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If Jesus was real how do you know what is written about him

Postby Chef Fatty » Sat Jul 13, 2019 8:46 am

If Jesus was real how do you know what is written about him in the bible is true?
Chef Fatty
 

Re: If Jesus was real how do you know what is written about

Postby jimwalton » Sat Jul 13, 2019 8:57 am

There are many tests for truth, so we need to evaluate the writings about Him the way we would examine writings about anything or anyone else.

1. The Intention Test. Can we responsibly look at the Gospel accounts as attempts at historiography? Luke claims to have written what actually happened (Lk. 1.1-4). Matthew is close to Luke in genre. It seems that his historical intent would be similar to Luke's. The Gospels are written in a sober and responsible style, with accurate incidental details, obvious care in the telling, and some exactitude. Generally speaking, you don't find outlandish flourishes and blatant mythologizing that is common in many other ancient writings.

Remember also that Christianity was born out of Judaism, known historically as careful preservers of sacred words. Given that Jesus’s followers looked upon him as being even greater than a prophet, it seems very reasonable that they would have tried to preserve his words and actions reliably, as well as the events surrounding his life and especially his death.

There were plenty of controversies in the early church that could have been conveniently and efficiently resolved by the early Christian writers fictionalizing the account. This doesn't seem to have happened. The continuance of these controversies demonstrates that Christians were interested in distinguishing between what happened during Jesus's lifetime and what was debated later in the churches.

2. The Ability Test. So what if they intended to write reliably historiography, were they able to do so? Can't we expect faulty memories, wishful thinking, theological insertions, and the development of legend?

First of all, in a culture where almost all teaching was by word of mouth and memory rather than by books, oral tradition placed a great emphasis on accurate memorization. They took care to memorize and pass such stories along accurately, especially of a person they truly considered to be the Son of God. The community would constantly be monitoring what was said and intervening to make corrections along the way to preserve the integrity of the message.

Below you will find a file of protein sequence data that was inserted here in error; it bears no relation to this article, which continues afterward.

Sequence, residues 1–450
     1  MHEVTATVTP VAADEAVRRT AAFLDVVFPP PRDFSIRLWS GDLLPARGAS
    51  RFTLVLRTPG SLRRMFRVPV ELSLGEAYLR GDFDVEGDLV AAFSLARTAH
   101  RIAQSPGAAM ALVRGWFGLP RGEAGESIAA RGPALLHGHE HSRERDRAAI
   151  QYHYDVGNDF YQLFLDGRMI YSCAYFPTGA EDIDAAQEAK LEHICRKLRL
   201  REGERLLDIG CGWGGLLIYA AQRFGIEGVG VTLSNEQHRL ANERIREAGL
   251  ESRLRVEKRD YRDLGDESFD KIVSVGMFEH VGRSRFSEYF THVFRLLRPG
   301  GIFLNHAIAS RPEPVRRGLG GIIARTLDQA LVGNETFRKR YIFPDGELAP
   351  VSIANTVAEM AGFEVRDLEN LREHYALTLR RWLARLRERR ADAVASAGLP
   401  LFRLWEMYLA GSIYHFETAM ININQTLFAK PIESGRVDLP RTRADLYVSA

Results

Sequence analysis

3. The Character Test. Is there anything in the Gospel authors' writing to make us think he's a loony toon or a demented or hopelessly inaccurate source? We don't have much information to go on here, but neither do we have any reasonable evidence to suggest they were anything but people of integrity. After all, they are reporting on Jesus, who called them to as exacting a level of integrity as any religion ever known. The records we have say many of them were willing to die for what they were claiming. In terms of honesty, truthfulness, virtue and morality, these people had a track record that should be envied.

4. The Consistency Test. There was obviously no collusion among the Gospel writers. They were unarguably independent narrators of many of the same stories, but each Gospel also contains unique stories. There is no contradictory evidence against their accounts.

5. The Bias Test. Did the Gospel writers have reason to skew the material? It's obvious they weren't neutral observers, but it was part of their Christian worldview to show their love for Jesus by recording his life with integrity. Besides, they had nothing to gain except criticism, ostracism, and martyrdom. They certainly had nothing to win financially. While everyone (that's everyone) writes with some kind of bias (since they have a viewpoint), what we have to prove is that the Gospel writers had detrimental bias, which I don't see. If you do, you'd have to make your case.

6. The Cover-Up Test. Might the Gospel writers be covering up something that would be embarrassing to themselves, the other disciples, or to Jesus? Just the opposite. They tell many things in the open that a fictionalizer would have ignored. Telling this story makes people look askew at his whole story. Telling this story is not in their self-interest. It's not even necessary to the Gospels. If it were left out, no one would know or care.

7. The Corroboration Test. We only have slight corroboration of these events in the Church Fathers. Corroboration is, for the most part, not available to us.

8. The Adverse Witness Test. Were others present who would contradict or refute this story? There's no evidence of such. The early Christian movement was subjected to great persecutions, first from the Jews and later from the Romans. Critics were not shy about attacking the young faith system. We have no records of this event being contested.

Given these 8 tests, we can reasonably conclude that the Gospel accounts are historical, reliable, from the hand of authors who had integrity, with detrimental bias, and not shunning embarrassing pieces.

What's your case that what is written about Jesus is untrue?
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